Jan 1, 2019
Filming interviews or short videos well is a skill every
producer or filmmaker should gain. Phil Cooke offers 10 keys to
shooting a good interview which can become a powerful tool to
market your ministry or nonprofit organization.
How good are you at interviewing people on camera? No matter how
great the camera shot or well-lit your set is, if the interview is
not skillfully conducted, your overall video will not be good, and
you’ll miss out on gaining an emotional connection with your
audience. Here are Phil’s keys on how to shoot a better
- Be lean and mean with equipment.Don’t
intimidate your subject with an excess of equipment. Learn to shoot
with as little equipment as possible so that your subject is
comfortable enough to share their story with you.
- If possible, do a pre-interview.Make sure the
interviewee can express their story well before you shoot the
video. Don’t just show up and expect them to be a pro.
- Keep the subject occupied or out of the room during set
up.Do everything you can to keep them from getting
- Don’t cover the topic before the cameras
roll.You don’t want your subject to be talked out before
the interview starts. This is particularly important for a dramatic
- As the interviewer, sit as close to the camera as you
can.Make sure the camera is capturing both of the
subject’s eyes instead of just a profile shot.
- Set the camera at eye level for the best
shot.If it’s set too high, it will diminish the subject;
if it’s set too low, it will make it look like they are looking
down on the audience. Keep it eye-level for best engagement.
- Roll the camera without the interviewee
noticing.When the crew is ready, have your camera operator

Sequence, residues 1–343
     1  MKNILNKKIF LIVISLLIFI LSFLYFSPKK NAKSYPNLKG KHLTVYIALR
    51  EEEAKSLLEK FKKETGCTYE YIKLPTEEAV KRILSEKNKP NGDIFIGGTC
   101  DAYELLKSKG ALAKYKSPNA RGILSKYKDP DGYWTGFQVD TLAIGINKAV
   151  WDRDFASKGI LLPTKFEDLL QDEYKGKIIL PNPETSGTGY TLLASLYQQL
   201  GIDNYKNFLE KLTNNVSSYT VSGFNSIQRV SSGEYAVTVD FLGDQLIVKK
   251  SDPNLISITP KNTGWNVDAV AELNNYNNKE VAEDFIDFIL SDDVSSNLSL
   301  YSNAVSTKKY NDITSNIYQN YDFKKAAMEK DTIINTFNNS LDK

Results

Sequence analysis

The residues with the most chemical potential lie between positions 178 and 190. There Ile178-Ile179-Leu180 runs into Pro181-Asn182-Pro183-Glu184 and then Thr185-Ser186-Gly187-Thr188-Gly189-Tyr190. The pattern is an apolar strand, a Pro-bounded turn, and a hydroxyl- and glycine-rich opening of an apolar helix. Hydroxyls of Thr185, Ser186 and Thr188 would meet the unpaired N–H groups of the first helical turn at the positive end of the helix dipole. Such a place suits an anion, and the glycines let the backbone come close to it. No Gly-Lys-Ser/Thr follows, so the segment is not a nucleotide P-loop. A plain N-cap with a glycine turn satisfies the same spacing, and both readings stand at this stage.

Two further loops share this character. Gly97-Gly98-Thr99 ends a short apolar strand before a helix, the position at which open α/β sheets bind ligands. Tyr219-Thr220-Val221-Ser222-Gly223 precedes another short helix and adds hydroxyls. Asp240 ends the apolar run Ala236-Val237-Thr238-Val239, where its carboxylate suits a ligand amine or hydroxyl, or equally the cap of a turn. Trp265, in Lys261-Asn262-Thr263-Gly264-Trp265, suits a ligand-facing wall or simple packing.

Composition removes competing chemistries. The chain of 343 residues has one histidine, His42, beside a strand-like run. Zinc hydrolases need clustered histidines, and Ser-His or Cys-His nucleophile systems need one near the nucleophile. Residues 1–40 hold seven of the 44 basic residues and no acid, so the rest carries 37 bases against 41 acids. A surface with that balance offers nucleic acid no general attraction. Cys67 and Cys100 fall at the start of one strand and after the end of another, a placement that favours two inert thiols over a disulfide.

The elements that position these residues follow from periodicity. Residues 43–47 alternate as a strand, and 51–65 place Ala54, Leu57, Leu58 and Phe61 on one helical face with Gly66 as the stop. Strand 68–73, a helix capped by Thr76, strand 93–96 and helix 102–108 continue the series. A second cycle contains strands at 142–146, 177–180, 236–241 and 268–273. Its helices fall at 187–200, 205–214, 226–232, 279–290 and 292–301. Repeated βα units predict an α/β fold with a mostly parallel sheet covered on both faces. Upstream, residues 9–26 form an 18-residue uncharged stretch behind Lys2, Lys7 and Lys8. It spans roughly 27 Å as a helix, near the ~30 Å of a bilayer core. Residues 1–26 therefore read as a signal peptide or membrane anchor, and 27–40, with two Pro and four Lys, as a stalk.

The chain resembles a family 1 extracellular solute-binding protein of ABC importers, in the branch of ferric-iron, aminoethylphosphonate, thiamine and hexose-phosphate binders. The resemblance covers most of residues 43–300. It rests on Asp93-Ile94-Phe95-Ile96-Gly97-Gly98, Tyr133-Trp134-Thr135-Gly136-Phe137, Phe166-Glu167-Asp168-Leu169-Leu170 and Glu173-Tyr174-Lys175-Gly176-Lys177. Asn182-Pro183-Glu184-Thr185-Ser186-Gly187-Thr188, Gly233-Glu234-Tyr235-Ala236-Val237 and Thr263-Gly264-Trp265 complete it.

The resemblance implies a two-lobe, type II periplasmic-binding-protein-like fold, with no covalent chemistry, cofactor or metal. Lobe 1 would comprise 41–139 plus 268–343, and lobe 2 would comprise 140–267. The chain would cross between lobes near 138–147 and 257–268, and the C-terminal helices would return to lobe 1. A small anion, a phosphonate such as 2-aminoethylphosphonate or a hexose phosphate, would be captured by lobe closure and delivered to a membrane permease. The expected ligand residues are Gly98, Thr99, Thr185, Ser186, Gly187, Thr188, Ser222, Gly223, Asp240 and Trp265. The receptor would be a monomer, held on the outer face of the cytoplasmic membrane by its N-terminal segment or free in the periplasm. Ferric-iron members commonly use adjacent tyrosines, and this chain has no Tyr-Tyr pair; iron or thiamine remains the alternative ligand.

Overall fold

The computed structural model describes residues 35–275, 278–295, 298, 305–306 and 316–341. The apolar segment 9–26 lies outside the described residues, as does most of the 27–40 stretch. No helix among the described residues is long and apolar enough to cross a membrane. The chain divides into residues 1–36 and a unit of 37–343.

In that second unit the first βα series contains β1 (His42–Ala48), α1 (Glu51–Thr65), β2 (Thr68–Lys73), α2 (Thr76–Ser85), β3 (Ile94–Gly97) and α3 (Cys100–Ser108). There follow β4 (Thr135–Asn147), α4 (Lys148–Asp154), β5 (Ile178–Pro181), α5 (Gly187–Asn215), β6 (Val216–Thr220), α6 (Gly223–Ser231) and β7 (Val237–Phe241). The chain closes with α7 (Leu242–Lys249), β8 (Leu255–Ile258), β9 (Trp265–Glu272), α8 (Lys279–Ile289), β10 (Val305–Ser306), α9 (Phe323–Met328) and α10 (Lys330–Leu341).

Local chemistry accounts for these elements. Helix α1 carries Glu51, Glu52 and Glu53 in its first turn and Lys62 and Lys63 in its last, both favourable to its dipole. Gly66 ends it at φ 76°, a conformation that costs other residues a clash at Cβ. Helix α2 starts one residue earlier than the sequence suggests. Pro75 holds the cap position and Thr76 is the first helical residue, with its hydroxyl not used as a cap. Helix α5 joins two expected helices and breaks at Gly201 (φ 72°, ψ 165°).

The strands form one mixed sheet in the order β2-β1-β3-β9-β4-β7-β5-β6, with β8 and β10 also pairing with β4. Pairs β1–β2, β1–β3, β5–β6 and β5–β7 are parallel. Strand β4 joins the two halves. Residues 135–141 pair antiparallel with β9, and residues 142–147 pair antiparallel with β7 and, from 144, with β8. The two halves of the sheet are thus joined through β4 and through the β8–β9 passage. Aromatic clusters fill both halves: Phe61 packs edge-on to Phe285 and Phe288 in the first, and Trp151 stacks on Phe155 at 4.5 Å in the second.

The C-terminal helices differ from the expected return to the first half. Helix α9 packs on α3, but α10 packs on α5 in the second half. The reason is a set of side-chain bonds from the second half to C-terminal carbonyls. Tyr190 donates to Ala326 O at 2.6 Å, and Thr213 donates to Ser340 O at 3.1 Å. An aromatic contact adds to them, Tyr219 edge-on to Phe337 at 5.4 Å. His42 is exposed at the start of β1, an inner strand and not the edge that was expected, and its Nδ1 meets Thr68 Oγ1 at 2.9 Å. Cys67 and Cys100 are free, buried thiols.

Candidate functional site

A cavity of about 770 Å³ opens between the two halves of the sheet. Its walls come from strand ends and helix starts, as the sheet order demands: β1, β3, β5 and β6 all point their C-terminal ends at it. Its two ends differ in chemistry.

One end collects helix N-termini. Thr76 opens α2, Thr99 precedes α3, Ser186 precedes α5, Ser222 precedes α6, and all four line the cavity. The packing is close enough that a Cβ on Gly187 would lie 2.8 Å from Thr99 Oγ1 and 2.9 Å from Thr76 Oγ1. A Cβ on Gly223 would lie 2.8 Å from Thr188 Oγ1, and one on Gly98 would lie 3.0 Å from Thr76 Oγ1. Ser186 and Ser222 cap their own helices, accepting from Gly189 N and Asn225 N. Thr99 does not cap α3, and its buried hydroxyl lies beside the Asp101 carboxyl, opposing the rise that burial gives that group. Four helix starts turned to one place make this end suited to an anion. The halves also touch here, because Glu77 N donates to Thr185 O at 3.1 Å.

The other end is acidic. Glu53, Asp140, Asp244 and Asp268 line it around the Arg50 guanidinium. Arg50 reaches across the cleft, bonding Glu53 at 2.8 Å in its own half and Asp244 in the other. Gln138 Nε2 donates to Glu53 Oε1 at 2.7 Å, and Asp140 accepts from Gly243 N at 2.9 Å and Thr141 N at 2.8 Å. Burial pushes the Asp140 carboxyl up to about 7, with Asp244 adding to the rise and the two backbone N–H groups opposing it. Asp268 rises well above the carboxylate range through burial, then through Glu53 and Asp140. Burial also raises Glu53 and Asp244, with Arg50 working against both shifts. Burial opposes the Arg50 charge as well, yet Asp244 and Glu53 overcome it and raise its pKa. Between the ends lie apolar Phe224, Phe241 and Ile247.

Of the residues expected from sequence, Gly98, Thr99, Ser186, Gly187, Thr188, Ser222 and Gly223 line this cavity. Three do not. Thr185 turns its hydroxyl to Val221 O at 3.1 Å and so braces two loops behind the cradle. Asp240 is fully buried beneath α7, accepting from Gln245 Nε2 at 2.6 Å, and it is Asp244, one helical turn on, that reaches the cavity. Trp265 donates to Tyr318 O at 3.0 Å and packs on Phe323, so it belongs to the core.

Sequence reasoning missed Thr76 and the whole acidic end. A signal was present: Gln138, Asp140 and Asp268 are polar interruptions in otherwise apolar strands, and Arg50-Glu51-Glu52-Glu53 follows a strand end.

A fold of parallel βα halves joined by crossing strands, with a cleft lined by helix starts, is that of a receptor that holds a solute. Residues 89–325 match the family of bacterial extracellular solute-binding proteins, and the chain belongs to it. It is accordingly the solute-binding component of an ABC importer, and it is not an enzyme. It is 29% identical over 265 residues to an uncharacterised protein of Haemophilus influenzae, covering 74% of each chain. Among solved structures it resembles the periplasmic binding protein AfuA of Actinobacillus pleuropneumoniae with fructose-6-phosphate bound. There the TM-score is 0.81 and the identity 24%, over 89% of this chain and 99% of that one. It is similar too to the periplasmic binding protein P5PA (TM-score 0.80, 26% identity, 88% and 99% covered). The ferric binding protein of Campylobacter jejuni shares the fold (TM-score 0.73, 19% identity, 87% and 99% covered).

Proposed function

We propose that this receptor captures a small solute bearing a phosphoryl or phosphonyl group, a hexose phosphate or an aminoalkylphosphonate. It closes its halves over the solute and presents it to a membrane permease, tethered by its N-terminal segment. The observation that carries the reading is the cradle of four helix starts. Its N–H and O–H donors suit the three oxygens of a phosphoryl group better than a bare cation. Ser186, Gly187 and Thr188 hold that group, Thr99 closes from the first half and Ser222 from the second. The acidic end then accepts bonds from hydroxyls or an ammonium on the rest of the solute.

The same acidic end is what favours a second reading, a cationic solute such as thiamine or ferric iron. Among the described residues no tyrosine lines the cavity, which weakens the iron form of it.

tap you and you can roll discretely before the subject has a chance
to get distracted and nervous. Have a system with your team for
this; it can lead to a great interview.
- If a problem happens, don’t let crew – or just anyone -
stop the shoot. No one should stop the interview except
you as the producer, director or interviewer. Let the interviewee
finish a thought before stopping.If something goes wrong, have
someone signal you, so you can allow the subject to finish a
thought or a story so you don’t interrupt them abruptly.
- If there is a problem, don’t tell the interviewee you
need to “redo.”Find another way to recapture what you need
by asking additional questions and redirecting the interview.
- Shoot in an interesting place.Find a location
that is a visual expression of their story. Go to their environment
– work, home, a public place – as long as it’s safe and quiet.
Bonus: Be ready for anything.Expect the
unexpected. Have a margin for “imperfections” such as noise in the
background in a noisy location – if it’s part of the real world
that is helping tell the story. Think in terms of making it
The perfect producer is the one who never lets the situation get
in the way of telling a great story. Make sure you’re capturing the
story at its absolute best with the interviewee sharing from the
heart. – Phil Cooke
For more keys on shooting a better interview, visit Phil’s blog
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Find out more about Cooke Pictures here: http://www.cookepictures.com/
Visit Phil Cooke’s YouTube channel at https://www.youtube.com/channel/UCzivfiicpepFmAv5ZblgYWQ